Thursday, September 09, 2010


I'm reading a lot about dashboards these days. What a fun challenge in technical communication, trying to put ten pounds of information into a one pound UI.

I'm reading Stephen Few's Information Dashboard Design, and he makes the most elegant points:

Reduce the non-data pixels:
  • Eliminate all unnecessary non-data pixels
  • De-emphasize and regularize the non-data pixels that remain
Enhance the data pixels:
  • Eliminate all unnecessary data pixels
  • Highlight the most important data pixels that remain
He also had some interesting things to say about pie charts, as in basically they all suck. His point is that human perception cannot compare 2-D areas as well as other visual attributes such as length. He suggests that bar charts make better comparison graphics than pie charts.

So I'm trying a little experiment on myself. I keep a time sheet in Excel so I can track where my time goes (plus I find that recording my activities makes me way more productive--try it some time). I've been keeping a little pie chart dashboard on the sheet so I can see how my time gets allocated. It seemed useful to me.

So as an experiment, I've added a bar chart of the same data.

Here is the pie:

Here is the bar:

Jury of one is out on this. What's your opinion?


Larry said...

As always, it depends. If you want to know at a glance which activities are taking up what proportion of your time, nothing beats the pie chart. If you want to compare and contrast among the activities, and if you want to track trends over time, go with the bar chart.

Sometimes I feel like a slice of pie. Sometimes I want to stop at a bar.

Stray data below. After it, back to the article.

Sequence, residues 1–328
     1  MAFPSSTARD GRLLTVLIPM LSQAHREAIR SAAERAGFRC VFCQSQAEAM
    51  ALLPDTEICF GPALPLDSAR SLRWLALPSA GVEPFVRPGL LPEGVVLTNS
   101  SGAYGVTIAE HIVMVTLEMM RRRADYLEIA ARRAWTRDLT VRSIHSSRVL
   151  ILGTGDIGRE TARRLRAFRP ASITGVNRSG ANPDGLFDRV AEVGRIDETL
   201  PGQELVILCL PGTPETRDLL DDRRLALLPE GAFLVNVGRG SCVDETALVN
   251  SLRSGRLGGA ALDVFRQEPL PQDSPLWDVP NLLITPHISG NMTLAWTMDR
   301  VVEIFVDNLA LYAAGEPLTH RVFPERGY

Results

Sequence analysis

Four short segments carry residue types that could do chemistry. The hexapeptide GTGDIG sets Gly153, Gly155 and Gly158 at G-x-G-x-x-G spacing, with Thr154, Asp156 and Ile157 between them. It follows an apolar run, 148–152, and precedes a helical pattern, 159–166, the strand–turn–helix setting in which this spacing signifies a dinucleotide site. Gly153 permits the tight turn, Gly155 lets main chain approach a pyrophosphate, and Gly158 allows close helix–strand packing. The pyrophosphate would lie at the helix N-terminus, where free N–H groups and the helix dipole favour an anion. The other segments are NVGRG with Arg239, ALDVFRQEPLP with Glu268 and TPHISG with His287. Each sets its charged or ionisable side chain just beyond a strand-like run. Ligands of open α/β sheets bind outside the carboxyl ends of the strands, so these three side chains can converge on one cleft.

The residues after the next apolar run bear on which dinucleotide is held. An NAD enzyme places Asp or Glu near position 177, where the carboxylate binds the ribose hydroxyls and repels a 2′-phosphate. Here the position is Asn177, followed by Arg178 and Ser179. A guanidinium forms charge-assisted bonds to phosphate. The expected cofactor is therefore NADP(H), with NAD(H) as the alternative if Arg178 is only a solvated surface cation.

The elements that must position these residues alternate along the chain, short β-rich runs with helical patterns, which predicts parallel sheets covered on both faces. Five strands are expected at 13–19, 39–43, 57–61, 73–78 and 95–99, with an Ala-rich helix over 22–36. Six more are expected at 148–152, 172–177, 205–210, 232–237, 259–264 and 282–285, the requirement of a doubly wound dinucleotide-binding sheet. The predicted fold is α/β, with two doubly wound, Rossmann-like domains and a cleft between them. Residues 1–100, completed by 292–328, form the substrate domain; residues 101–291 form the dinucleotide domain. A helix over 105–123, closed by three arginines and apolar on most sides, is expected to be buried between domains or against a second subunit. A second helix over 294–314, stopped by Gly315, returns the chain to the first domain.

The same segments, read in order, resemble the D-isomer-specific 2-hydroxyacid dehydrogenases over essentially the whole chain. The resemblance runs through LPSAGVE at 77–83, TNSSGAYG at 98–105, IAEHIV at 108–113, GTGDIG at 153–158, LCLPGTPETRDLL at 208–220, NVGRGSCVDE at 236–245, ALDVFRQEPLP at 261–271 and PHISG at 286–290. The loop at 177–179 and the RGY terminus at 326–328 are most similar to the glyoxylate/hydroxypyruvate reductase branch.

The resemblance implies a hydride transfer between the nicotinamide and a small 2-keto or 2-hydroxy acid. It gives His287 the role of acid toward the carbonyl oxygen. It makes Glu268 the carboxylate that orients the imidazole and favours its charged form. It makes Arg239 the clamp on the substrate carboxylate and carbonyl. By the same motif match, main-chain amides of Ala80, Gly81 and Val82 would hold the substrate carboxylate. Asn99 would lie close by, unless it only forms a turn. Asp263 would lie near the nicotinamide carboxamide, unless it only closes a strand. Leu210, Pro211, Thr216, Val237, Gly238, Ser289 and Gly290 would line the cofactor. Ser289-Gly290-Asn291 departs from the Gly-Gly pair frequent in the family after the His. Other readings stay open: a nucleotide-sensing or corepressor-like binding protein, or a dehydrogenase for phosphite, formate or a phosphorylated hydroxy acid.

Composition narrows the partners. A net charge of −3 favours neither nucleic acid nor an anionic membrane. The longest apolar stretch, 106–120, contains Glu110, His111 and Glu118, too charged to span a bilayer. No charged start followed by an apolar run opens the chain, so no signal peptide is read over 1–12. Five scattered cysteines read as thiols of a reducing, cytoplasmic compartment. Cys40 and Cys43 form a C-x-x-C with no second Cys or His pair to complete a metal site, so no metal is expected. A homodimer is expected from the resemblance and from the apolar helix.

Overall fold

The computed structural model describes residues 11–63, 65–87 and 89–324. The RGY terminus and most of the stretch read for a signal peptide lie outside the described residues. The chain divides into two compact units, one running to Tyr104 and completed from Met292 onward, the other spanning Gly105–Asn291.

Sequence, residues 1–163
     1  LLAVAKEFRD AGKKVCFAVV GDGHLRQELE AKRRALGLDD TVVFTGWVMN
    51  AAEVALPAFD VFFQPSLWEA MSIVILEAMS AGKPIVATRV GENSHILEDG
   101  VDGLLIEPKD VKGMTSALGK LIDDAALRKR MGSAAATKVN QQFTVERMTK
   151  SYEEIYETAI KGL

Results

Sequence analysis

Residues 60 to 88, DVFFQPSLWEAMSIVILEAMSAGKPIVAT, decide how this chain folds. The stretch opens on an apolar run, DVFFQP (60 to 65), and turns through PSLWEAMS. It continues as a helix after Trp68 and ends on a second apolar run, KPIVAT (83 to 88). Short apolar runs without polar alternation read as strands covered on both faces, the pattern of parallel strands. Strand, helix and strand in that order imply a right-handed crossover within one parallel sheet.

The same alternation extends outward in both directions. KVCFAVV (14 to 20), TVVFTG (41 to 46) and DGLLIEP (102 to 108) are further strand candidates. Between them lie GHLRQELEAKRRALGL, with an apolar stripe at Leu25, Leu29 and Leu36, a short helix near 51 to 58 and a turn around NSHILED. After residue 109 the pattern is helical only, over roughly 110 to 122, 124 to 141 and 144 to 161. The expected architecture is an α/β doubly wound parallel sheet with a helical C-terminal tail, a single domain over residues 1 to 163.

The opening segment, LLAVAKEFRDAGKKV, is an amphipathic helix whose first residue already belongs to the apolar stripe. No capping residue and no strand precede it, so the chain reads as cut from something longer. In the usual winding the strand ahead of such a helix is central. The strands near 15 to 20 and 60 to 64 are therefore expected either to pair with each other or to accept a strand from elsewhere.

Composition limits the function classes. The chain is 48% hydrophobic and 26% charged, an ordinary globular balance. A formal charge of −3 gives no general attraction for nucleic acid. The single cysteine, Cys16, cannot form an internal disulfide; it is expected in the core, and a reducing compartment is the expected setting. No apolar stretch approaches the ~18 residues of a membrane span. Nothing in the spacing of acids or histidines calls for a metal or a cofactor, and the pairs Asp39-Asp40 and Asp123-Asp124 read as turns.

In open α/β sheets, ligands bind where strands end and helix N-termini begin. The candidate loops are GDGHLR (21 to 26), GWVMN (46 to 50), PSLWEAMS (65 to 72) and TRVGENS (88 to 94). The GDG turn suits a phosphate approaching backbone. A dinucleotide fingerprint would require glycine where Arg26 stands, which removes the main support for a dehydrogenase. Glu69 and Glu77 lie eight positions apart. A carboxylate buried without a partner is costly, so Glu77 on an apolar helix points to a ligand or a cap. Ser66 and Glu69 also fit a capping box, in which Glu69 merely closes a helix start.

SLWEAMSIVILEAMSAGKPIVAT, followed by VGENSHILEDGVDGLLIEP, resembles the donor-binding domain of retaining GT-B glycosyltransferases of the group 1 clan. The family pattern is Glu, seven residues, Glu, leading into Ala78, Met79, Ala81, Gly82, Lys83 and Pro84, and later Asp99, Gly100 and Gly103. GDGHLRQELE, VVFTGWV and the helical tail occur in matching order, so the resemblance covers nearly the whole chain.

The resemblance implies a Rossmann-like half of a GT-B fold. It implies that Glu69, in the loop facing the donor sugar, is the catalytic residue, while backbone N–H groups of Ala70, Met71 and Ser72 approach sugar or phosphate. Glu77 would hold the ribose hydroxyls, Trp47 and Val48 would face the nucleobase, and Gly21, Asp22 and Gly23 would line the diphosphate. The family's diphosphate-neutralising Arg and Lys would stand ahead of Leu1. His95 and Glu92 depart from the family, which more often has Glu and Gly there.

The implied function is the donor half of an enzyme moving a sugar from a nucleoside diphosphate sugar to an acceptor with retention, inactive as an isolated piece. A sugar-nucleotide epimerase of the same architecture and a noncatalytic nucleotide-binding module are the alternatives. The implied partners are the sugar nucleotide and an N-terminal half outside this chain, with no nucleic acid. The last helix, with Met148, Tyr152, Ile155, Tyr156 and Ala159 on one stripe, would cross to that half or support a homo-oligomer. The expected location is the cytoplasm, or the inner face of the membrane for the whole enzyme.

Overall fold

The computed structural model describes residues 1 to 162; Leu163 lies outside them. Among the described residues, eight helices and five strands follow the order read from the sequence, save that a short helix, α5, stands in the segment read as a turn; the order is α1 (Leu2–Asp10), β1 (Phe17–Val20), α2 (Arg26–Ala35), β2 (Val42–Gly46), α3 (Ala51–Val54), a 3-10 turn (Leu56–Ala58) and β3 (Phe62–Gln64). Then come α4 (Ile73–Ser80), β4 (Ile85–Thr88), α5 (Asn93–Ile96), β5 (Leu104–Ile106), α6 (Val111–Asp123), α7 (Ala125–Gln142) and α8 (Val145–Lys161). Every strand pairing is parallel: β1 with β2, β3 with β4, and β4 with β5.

Randi said...

Interesting that you should write this post, our current software release introduces Dashboards and Charts. As I test, I keep thinking about how I am going to present these new features in the online docs. It should be fun.

Anindita said...
This comment has been removed by the author.
Anindita said...

I've never been able to make sense of slices. I keep mentally trying to compare the percentages. The bar puts things in context almost immediately.

But then, I am not in management, and am, therefore, not the target audience for executive dashboards.

Anonymous said...

Pretty much what Larry said, but in this case, bar definitely - in these situations I find them much easier for rough estimates of comparison (e.g. twice as much, ten times as much)

Michael Hughes said...

I've been using both for a week a now, and although I'm not ready to delete the pie chart from my template, I have moved the bar chart up so it is my primary graphic. The pie is superior if I want to compare one against the whole, as in, "Wow, the portal project is taking up a lot of my time." The bar is superior if I want to compare one against another. I've read that but it came home when I found myself wanting to add a bar that reflected the sum of all the projects.

Gil said...


You can get the best of both worlds (pie + bar) by using stacked bar charts.

To quote Excel help, "This type of chart compares the percentage that each value contributes to a total across categories."

So, you could chart how 100% of your time is used over a period of time.

Your thoughts?

Michael Hughes said...

The stacked bar could be a good compromise. It is better (theoretically) than the pie because it is linear instead of relying just on area. It lacks the side by side ease of comparison. Like all compromises, it inherits good aspects of both, and bad aspects as well. I have since noticed that the more things I work on, the harder the pie is to interpret.